Picking my way up through the steep sandstone cliffs the ‘path’ soon disappeared and the gradient increased sharply. Soon, I realised the only way up was to grab great handfuls of heather and hope they were well dug in. I put away my walking poles to concentrate on the task in hand. I was now committed … to some pretty serious scrambling.
There were several hair-raising moves. Looking down I could see the waves crashing against the rocks below. The wind was gusting up the cliffs. Yep, whenever you see a guidebook that mentions the word “airy”, you know it’s code for knee-trembling, adrenaline-fueled moments like this.
It wasn’t supposed to be like this of course. The WalkHighlands route description notes that the approach is “quite intimidating“. But it goes on to explain that “the initial broken crags are ascended slightly to the right and then the climb continues very steeply up the ridge“. I did go right, but to the right of what? It was certainly steep but I’d describe it more as a heather-covered cliff than a ridge.
All I can say is, if you’re approaching Ben More Coigach from the Culnacraig / Achiltibuie side, just take a few moments to suss out alternative routes up through the rocky outcrops!
Having wild camped on Quinag the previous day I opted for a slightly shorter circuit (around 5 hours) of Ben More Coigach. It’s not a Munro or even a Corbett. But it’s testament to the rule that in the North West Highlands the best hills are not the tallest.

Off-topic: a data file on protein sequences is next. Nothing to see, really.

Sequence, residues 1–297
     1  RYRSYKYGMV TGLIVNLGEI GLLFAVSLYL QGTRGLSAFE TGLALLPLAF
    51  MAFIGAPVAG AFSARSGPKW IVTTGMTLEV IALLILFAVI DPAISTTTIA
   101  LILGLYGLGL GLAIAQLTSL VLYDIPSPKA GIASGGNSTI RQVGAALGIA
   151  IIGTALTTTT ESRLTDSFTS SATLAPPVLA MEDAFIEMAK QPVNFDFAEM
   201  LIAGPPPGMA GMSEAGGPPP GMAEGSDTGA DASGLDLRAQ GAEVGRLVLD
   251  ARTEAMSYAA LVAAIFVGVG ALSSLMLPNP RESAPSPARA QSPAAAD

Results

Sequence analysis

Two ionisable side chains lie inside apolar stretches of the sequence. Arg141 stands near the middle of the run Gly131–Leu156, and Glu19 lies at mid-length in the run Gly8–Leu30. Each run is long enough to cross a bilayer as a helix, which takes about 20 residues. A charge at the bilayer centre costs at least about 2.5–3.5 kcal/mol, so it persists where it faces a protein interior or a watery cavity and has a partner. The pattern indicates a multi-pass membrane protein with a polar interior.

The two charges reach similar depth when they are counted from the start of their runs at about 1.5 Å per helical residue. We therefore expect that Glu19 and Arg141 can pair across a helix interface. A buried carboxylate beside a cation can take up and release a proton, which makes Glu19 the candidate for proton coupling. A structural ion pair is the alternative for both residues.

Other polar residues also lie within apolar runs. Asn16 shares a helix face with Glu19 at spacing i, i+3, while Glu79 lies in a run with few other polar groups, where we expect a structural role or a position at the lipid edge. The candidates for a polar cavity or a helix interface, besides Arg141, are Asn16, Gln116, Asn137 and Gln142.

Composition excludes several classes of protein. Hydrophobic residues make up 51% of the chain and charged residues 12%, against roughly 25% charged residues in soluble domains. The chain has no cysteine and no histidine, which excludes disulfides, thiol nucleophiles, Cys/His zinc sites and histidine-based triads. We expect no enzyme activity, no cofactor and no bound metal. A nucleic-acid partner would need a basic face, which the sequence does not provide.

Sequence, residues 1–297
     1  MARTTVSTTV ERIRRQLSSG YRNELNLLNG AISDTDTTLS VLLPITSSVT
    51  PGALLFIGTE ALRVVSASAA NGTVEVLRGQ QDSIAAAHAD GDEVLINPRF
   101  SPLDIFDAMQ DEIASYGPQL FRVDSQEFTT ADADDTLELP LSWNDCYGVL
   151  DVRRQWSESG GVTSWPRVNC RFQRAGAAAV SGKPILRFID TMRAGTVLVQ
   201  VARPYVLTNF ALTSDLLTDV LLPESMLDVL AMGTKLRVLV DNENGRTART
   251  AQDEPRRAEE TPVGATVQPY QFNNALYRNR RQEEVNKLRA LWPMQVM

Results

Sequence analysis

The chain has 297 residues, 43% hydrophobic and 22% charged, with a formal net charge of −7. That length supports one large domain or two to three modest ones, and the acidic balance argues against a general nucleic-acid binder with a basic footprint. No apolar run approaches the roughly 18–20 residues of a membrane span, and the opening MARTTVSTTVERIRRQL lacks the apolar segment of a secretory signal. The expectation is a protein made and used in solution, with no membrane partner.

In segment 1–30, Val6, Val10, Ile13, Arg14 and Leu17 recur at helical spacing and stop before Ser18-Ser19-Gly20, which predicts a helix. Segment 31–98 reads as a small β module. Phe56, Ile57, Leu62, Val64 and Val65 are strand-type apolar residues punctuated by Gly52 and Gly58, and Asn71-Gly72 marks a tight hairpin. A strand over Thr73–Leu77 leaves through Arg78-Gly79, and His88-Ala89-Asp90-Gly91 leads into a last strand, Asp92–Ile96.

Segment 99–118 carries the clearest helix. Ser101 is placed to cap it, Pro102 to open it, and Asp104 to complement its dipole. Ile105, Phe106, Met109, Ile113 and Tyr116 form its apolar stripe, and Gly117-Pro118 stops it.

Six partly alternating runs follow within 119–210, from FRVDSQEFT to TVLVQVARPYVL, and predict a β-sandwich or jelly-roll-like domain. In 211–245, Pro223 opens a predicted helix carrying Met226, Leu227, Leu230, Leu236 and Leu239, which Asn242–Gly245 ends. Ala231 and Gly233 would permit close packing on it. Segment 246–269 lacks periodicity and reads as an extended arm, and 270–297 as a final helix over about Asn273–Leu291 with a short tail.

There’s a superb sandstone ridge that gives fantastic views to the Summer Isles, to An Teallach’s rocky spires and across the panorama of the glorious Assynt peaks. If you’ve already skinned your hands clutching on to fistfuls of heather on the way up, the fairly exposed ridge will seem like a walk in the park. The trickiest bits can all be bypassed on easier paths.
The view north opens out as your approach the summit itself (743m). And what a spectacular view. Not a bad place to rest and enjoy some lunch.
I dropped down to the bealach on a curving line before the short climb up to the slightly lower (705m) summit of Sgurr an Fhidhleir. It gives a rocky promontory with a huge drop below and is arguably the better summit for views. I stopped for a while to soak in the scenery.
The weather wasn’t playing ball that day unfortunately. The odd patch of blue sky opened up but the rare gaps didn’t become large enough for the sun to break through and transform the landscape. I gave up waiting and returned to Culnacraig via the subsidiary peak of Beinn nan Caorach; a steep hillside but at least I was saved another heather-grabbing descent.